2014 looks set to be a good year for London’s skyscrapers. High demand for office space and office-to-residential conversions elsewhere are putting the spotlight back on high-rise construction.
Indeed, the demand for office space has already sparked rumours that work on the stalled Pinnacle project will finally restart this year. But while plans for a revised version of the building (which was halted several years ago due to lack of pre-let interest) have been submitted, no final decision has yet been reached on the new design.
Meanwhile, the Walkie Talkie may also soon be putting an end to its woes, as plans for a sun shield – in the form of “fins” – are in place. The skyscraper – due for completion this year – hit the headlines in summer 2013 when it was discovered that sunrays reflected from the surface of the building reached such high temperatures that they were capable of melting the bodywork of nearby cars. Since then, the developers have been working on a solution to the problem so that the skyscraper can launch in 2014 as originally planned.
The skyscraper popularity test
There has even been good news for The Shard, after a recent poll revealed that it is Londoners’ second favourite skyscraper, after the Gherkin. While admiration from onlookers isn’t quite the same as securing paying tenants, it may help to boost the tower’s appeal and spark new interest in it as an office location.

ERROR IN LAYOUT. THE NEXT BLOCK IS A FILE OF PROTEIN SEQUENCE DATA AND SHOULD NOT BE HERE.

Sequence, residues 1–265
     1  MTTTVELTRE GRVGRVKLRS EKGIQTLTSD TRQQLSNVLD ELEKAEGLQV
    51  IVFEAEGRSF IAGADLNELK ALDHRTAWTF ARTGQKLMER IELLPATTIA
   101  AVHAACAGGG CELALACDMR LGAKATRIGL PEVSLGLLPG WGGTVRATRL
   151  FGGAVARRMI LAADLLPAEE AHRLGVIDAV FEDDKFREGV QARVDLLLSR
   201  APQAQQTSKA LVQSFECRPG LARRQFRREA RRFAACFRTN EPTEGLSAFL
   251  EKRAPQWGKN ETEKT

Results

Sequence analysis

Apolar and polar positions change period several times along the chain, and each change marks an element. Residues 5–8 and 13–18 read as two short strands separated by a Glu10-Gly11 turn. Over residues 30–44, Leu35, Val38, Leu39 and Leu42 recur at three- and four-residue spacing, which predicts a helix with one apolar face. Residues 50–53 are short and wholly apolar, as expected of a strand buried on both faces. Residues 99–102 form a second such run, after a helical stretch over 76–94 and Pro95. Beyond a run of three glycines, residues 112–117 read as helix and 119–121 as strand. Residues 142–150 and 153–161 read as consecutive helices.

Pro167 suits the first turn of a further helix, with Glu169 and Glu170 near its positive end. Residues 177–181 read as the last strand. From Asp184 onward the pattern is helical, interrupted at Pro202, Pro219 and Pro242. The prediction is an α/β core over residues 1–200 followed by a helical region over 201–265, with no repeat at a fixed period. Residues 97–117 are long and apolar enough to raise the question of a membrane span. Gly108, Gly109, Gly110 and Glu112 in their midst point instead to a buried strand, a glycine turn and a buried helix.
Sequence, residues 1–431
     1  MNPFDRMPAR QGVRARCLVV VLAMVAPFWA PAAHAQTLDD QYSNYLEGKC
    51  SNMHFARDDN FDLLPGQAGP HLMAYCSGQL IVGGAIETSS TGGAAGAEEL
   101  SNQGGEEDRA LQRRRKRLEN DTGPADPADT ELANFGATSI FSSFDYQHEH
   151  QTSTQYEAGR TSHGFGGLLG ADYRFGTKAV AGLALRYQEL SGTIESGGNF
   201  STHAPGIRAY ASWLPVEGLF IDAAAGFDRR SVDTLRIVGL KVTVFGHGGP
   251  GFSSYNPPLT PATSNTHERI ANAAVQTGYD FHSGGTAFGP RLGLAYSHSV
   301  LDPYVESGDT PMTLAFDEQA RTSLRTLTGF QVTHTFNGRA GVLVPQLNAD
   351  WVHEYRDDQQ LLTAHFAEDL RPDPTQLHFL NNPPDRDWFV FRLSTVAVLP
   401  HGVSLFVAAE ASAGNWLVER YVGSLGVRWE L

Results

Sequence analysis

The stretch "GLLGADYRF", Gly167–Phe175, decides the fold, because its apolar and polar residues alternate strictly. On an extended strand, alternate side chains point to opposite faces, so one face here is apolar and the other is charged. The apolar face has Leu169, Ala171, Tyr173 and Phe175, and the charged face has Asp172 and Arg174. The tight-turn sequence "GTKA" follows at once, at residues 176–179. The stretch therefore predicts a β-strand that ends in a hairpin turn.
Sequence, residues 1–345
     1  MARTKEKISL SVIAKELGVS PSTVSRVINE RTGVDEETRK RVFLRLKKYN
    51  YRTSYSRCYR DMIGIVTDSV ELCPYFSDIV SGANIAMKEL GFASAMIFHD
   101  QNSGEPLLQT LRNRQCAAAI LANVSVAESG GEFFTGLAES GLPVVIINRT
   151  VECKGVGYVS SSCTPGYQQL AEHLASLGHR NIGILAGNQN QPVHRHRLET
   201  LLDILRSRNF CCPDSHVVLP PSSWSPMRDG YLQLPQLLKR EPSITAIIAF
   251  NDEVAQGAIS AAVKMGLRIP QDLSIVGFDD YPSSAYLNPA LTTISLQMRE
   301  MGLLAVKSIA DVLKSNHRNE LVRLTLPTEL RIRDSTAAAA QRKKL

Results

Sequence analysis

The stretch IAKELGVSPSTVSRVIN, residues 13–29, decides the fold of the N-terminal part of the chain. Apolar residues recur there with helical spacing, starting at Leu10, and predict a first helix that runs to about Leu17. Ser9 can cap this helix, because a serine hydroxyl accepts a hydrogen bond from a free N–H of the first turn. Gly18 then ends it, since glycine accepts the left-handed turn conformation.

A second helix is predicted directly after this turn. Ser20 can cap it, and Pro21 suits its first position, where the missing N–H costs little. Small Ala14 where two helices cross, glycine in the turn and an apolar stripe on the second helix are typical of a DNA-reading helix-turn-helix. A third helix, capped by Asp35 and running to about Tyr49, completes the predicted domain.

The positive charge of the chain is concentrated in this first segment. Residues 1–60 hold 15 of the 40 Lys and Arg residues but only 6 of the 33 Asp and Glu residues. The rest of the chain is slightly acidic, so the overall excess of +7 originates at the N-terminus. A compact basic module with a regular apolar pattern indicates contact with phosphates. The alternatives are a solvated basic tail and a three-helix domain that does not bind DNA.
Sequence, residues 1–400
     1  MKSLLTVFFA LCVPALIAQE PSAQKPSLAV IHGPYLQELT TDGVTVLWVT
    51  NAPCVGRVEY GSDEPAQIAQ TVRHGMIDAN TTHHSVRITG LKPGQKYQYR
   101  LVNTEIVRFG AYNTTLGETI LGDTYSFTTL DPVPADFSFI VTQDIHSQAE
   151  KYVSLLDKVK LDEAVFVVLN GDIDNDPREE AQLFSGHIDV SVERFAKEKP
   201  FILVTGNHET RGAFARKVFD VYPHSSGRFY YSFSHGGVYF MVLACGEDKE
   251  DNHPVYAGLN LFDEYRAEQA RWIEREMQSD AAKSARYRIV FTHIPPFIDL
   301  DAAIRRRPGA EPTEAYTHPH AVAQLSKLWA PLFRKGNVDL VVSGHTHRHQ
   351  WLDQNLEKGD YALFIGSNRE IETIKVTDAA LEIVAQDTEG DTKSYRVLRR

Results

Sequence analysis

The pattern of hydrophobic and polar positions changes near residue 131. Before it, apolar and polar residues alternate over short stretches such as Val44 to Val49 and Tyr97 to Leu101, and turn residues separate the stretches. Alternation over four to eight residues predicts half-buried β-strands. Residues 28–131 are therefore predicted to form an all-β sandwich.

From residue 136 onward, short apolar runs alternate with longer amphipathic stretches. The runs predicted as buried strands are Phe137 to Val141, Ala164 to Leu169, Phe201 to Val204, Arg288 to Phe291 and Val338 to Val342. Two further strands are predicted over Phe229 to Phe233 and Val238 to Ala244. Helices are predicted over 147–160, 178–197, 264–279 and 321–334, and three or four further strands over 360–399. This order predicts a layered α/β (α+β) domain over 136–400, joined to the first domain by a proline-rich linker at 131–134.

The Cheesegrater claimed third place in the skyscraper popularity poll, with One Canada Square in fourth and Strata Tower 29 in fifth. Perhaps unsurprising after last summer’s debacle, the Walkie Talkie could only claim seventh on the list, although it still ranked well above Heron Tower and Centre Point. The latter building is soon to be converted from offices to residential apartments.
The skyscraper backlash?
However, while skyscrapers address a shortage of office space, the boom in high-rise construction is causing concern for some. The result is the Skyline Campaign, a group which boasts many high-profile members from the worlds of architecture and design. Their concern relates specifically to the lack of planning which they believe may result in many poorly designed buildings and an unsightly skyline for the capital.
In the face of pressure from the group, the London Mayor has agreed to consider a skyline commission to help safeguard London’s views for the future. And that may change the fortunes of City skyscrapers yet again.
London skyscrapers – are they a success story? Does there need to be tighter restrictions on their construction?